(1) This revision petition raises an interesting question of law. The petitioners obtained a decree for specific performance in R. O. S. No. 61/47, in the Court of the Civil Judge, Junior Division, Gokak. As per the terms of the decree, the plaintiffs were required to deposit the balance of consideration within the time fixed therein. But, they failed to deposit the amount in question. After the date fixed in the decree, the respondent applied to the Court under clause (c) of S. 35 of the Specific Relief Act, praying that the decree passed may be rescinded as the plaintiffs had not made the deposit in question.
The learned trial Judge accepted that application and vacated the decree. As against that order, the plaintiffs went up in appeal to the learned District Judge, Belgaum. In that appeal, they were required to pay ad valorem Court fee on Rs. 3000/-, i.e., the valuation (for the purpose of jurisdiction) put on the plaint in R. O. S. No. 61/1947. The petitioners had affixed a stamp of ten annas to their appeal memo. It was contended on behalf of the petitioners that the relied prayed for by them fell under Art. 17(3) of Schedule II of the Court-Fees Act and that they were liable to pay only a fixed Court fee of Rs. 18-12-0. This contention was negatived by the appellate Court, and finally the appeal was rejected for non-payment of Court fee, alter the appellants had failed to comply with the order of the Court to pay the additional Court fees determined.
(2) Sri Shrigurkar, the learned Counsel for the petitioners, contends that the relief granted by the trial Court falls within the ambit of Art. 17(3) of Schedule II of the Court Fees Act. According to him, it was a declaratory relied. To find out the true scope of the order of the third Court, we have to look to S. 35(C) of the Specific Relief Act. Under sub-clause (c) of the Specific Relief Act. Under sub-clause (c) of S. 35:
'Where a decree for specific performance of a contract of sale or of a contract to take a lease, has been made, and the purchaser or lessee makes default in payment of the purchase money or other sums which the Court has ordered him to pay.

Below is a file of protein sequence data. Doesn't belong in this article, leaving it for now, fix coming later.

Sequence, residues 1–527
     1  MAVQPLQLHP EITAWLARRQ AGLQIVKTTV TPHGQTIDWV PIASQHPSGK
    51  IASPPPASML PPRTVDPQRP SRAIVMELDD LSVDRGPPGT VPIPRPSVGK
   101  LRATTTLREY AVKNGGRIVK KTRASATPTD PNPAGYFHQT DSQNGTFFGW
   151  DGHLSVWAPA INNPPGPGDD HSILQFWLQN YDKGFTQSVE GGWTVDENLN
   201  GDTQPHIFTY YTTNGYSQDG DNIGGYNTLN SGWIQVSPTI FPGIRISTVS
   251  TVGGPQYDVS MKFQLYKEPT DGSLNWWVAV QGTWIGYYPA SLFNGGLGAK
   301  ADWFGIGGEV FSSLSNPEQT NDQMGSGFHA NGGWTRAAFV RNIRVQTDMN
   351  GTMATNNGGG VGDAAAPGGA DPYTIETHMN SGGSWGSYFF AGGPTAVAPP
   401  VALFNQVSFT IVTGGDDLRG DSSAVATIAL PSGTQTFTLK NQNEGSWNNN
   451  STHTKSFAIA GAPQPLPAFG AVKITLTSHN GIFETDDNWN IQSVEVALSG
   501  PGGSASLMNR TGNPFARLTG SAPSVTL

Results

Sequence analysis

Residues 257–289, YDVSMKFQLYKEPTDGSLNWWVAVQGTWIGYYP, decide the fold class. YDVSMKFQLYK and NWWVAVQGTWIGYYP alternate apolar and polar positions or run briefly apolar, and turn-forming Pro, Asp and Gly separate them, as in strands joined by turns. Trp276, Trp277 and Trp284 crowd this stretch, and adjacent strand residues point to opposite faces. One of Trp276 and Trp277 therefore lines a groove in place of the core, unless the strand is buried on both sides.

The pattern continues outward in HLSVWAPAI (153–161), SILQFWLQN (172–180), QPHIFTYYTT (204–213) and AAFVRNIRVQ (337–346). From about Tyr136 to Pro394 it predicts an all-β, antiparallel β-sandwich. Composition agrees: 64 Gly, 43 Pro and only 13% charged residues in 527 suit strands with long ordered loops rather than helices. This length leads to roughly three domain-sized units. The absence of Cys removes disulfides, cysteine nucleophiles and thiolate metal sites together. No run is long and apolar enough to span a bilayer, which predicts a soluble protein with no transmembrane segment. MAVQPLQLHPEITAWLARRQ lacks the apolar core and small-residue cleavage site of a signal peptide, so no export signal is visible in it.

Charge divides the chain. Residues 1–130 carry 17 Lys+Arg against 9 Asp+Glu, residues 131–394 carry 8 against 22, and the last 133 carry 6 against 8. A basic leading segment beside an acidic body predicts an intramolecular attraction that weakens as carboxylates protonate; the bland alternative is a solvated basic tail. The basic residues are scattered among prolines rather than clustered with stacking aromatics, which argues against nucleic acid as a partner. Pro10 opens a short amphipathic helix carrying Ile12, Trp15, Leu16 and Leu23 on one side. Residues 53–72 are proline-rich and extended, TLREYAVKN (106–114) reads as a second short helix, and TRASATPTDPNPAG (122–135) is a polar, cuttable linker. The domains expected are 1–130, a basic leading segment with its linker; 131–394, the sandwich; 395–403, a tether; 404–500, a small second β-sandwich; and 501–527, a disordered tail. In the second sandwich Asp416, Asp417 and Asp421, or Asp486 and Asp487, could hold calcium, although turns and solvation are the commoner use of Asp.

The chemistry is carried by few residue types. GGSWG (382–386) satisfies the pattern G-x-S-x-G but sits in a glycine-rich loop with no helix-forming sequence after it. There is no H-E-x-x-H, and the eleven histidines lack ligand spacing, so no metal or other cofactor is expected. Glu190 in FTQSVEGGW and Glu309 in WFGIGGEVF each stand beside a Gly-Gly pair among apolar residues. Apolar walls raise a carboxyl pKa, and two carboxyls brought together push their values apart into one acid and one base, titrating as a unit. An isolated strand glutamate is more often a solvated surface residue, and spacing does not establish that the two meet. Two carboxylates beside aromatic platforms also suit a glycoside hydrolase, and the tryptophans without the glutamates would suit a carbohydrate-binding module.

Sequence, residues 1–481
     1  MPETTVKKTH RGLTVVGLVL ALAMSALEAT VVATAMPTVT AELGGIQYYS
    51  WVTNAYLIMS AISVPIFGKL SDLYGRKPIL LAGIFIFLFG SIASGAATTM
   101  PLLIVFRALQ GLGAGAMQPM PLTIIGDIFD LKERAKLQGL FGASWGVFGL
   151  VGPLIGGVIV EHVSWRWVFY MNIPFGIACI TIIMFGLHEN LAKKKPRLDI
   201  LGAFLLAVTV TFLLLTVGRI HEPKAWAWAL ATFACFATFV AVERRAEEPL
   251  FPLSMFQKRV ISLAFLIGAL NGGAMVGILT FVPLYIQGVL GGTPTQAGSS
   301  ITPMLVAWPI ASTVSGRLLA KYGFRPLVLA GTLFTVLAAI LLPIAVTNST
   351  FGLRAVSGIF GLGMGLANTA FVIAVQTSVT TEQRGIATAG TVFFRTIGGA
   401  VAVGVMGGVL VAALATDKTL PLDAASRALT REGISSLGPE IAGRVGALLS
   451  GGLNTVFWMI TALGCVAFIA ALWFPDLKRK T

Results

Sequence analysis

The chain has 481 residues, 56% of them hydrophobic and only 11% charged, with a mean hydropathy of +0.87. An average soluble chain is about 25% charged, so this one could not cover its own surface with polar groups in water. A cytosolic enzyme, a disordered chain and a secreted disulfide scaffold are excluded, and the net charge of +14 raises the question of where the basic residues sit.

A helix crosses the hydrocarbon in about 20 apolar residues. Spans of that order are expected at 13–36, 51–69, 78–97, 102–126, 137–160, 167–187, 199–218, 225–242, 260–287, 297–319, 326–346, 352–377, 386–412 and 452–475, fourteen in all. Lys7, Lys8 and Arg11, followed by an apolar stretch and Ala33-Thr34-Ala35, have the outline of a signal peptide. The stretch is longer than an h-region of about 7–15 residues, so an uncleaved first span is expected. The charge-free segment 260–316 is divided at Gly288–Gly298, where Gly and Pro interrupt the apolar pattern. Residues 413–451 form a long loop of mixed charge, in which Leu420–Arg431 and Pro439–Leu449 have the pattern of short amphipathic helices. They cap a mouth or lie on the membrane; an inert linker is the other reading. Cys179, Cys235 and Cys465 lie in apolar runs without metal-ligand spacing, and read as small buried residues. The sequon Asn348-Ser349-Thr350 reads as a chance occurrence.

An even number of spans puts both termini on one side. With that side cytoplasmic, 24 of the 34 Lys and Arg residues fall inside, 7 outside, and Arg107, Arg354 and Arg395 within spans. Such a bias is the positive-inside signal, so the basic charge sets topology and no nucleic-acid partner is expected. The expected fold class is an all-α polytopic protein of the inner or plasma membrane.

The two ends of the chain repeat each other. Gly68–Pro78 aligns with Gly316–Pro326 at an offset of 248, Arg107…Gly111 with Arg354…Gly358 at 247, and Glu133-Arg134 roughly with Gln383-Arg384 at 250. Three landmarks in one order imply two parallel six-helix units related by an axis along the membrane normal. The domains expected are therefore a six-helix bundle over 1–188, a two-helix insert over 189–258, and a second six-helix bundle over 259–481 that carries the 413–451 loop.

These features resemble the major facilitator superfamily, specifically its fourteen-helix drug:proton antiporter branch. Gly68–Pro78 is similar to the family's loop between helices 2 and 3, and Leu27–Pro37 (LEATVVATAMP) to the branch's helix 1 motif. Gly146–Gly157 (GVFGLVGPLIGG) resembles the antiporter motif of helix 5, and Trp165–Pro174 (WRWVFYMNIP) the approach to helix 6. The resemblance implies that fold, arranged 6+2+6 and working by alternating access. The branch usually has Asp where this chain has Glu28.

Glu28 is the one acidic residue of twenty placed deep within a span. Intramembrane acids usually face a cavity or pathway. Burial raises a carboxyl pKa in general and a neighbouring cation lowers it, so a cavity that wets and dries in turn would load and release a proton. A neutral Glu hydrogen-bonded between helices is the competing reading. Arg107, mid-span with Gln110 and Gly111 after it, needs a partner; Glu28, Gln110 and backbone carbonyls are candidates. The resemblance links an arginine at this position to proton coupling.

When the purchaser or lessee is in possession of the subject-matter and the Court finds that such possession is wrongful, the Court may also order him to pay to the vendor or lessor the rents and profits, if any, received by him as possessor.
In the same case the Court may, by order in the suit in which the decree has been made and not complied with, rescind the contract, either so far as regards the party in default, or altogether, as the justice of the case may require.'
In view of this provision, a right is conferred on the unsuccessful defendant in a suit for specific performance to apply to the Court which passed the decree and that in 'the same case', to rescind the contract and the court may so rescind the contract. The true effect of this provision is that the Court which passed the decree for specific performance, is given power to rescind the contract and consequently set aside the decree which it had passed earlier if the successful plaintiff fails to comply with the terms of the decree.
The resulting position is that a suit, which was one decreed, can be dismissed again if the Court is so pleased. That is what has happened in this case. If that is the true position in law, then the plaintiffs, who appeal against the dismissal of their suit, will have to pay Court fee on the very basis on which the Court fee had been paid on the plaint. No authority bearing on the point was brought to my notice. But, I think the view taken by the first appellant Court is the correct view of the law.
(3) In the result, this petition fails and the same is dismissed. In the peculiar circumstances of this case, I make no order as to costs.
(4) Petition dismissed.